Monday, February 26, 2007

Art and Aging

This great article is used with permission from Surrey, BC, painter Robert Genn. Check out his informative and inspiring website and consider becoming a subscriber.

If your horizons are going coo-coo, if things don't form up as
well as they used to, or you're having trouble finding your
colours, it may mean the advance of painterly senility. Not
fully reserved for the elderly, this can also come about at any
age by doing too much, too little, not looking, not caring, or
not being in touch with your muse.

While beginning artists may do poor work because of undeveloped
skills, mature artists may do poor work because they are losing
facilities. Somewhere in between there's a period of
proficiency and relative fulfillment. Most artists agree that
this middle period should be dragged out as long as possible.
At the same time, most of us have observed aged artists who are
sharp and proficient right up to the last ambulance. Genes play
a part, but it's mostly about attitude and lifestyle.

Success in hanging onto your artistic chops may be hard to
measure, but a related faculty, the maintenance of memory, is
well-documented. Researchers at the Harvard Medical School have
some suggestions for you:

Keep learning. Keep challenging and exercising the brain in
order to stimulate communication between the brain cells. It's
important to keep learning new skills.

Don't smoke. Smoking harms the brain as well as the lungs and
heart. Smokers perform worse than non-smokers in studies of
memory and thinking skills.

Be social. Close ties with others can improve mental
performance. Social relationships provide support during
unpleasant times.

Exercise. What's good for the heart is good for the brain.
Getting your juices flowing gets your creative juices flowing

Eat your vegetables. Even better than fruit, researchers find
that veggies are vital to brain function. It's the vitamin E in
the greens, and the oil in the dressing.

Manage stress. Stress distracts from learning, memory,
thinking, and creativity. With stress, brain chemistry changes
and your hippocampus can become damaged. There's nothing worse
than a damaged hippocampus, I always say.

Best regards,


PS: "I do not wish to become senile before I've finished what
I've undertaken." (Paul Gauguin)

Esoterica: Many creators have given thought to art and aging.
Some have concluded that art itself extends life. "With age,
art and life become one." (Georges Braque) "Great work can come
at any stage." (Will Barnet) "None are so old as those who have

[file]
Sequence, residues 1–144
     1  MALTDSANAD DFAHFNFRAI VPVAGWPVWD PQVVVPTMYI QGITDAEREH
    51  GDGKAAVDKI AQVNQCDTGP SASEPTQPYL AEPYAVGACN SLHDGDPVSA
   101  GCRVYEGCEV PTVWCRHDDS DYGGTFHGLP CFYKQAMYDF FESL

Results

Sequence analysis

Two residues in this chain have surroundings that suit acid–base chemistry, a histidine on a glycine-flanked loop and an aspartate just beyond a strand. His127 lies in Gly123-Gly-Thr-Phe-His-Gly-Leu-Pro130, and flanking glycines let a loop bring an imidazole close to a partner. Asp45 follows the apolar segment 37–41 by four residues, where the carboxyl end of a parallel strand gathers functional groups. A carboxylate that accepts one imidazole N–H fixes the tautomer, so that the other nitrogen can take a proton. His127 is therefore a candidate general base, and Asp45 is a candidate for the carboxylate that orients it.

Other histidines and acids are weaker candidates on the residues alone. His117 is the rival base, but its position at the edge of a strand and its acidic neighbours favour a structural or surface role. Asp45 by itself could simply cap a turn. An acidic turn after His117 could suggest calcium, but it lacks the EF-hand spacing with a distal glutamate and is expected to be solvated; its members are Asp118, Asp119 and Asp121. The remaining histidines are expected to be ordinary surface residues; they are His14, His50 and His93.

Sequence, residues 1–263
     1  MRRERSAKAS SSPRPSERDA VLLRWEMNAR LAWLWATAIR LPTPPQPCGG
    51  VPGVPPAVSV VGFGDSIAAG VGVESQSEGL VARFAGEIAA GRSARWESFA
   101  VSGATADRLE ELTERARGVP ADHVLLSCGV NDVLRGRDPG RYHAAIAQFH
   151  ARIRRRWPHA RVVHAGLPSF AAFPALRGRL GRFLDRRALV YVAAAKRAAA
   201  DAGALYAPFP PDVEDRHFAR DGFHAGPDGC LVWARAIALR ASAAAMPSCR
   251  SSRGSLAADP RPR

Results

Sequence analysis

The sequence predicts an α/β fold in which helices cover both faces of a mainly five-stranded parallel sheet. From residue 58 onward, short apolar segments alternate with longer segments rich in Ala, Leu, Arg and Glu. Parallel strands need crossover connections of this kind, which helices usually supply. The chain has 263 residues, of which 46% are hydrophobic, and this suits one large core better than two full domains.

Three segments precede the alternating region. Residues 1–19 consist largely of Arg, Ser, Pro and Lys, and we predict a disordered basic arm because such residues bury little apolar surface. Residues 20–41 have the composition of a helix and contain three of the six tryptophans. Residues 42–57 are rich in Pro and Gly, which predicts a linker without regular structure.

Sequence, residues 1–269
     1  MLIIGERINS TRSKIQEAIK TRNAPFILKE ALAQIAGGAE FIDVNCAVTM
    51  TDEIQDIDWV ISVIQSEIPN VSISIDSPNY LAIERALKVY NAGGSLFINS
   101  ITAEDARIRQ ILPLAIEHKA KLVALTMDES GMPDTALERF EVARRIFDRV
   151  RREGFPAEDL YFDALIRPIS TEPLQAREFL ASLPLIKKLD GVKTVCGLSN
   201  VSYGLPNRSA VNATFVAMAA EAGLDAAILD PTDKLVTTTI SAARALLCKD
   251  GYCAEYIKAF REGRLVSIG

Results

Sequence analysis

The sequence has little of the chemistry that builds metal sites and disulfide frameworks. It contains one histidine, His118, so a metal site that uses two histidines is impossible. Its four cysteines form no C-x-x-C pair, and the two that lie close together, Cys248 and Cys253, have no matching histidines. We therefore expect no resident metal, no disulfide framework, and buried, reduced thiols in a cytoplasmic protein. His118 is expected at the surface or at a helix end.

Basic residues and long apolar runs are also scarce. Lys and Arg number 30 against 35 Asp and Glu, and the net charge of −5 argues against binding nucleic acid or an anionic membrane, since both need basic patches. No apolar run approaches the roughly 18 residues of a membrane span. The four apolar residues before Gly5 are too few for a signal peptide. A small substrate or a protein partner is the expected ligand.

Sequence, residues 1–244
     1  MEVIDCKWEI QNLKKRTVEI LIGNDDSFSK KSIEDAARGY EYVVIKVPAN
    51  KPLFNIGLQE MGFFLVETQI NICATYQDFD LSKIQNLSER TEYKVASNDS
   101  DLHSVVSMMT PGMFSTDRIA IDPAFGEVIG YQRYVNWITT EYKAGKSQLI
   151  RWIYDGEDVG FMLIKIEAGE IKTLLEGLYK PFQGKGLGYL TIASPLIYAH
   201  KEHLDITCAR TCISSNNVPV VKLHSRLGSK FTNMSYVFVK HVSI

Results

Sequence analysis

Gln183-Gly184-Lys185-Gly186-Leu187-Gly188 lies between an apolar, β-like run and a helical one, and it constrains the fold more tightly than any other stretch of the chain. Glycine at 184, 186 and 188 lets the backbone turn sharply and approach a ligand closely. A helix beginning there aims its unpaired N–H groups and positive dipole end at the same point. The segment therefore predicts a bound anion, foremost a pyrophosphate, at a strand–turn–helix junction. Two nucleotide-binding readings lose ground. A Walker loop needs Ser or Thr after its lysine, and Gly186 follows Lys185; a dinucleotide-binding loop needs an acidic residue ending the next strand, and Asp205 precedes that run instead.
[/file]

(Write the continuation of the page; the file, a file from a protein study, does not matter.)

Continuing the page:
outlived enthusiasm." (Henry David Thoreau) "I cannot die until
I have made the most of my talent." (Kathe Kollwitz) "With
creative work, you don't have age or time." (Louise Nevelson)
"How much music can I make with the time I have left?" (Itzhak
"For age is opportunity no less
Than youth itself, though in another dress,
And as the evening twilight fades away
The sky is filled with stars, invisible by day."
(Henry Wadsworth Longfellow)

Current clickback: If you would like to see selected,
illustrated responses to the last letter, "On climaxing," about
getting climaxes into works of art, please go to:

If you would like to comment or add your own opinion,
information or observations to this or other letters, please do
so. Just click 'reply' on this letter or write

Give the gift of the twice-weekly letters. We are currently
snail-mailing a free copy of The Painter's Keys (the book) to
current subscribers who go to the URL below and send us the
names and email addresses of five or more of their
creatively-minded friends. No strings, just a thank-you. We
make it easy. We even send your friends a personal letter to
let them know the twice-weekly connection is from you.

It's never too late. A Premium Listing in the Painter's Keys
Directory is the most effective thing an artist can do to be
tastefully and respectably noticed. This listing--really a mini
web page--costs $100 per year--and we do all the set-up. You
can find out how well it might work for you at

Yes, please go ahead and forward this letter to a friend.

If you think a friend or fellow artist may find value in this
material, please feel free to forward it. This does not mean
that they will automatically be subscribed to the Twice-Weekly
Letter. They have to do it voluntarily and can find out about
it by going to

In compliance with the welcome legislation on spamming, our
mailing address is: Painter's Keys, 12711 Beckett Rd., Surrey,
B.C., Canada, V4A 2W9.

- Subscribe free;

(c) Copyright 2007 Robert Genn. If you wish to copy this
material to other publications or mail lists, please ask for
permission by writing Thanks for your

No comments: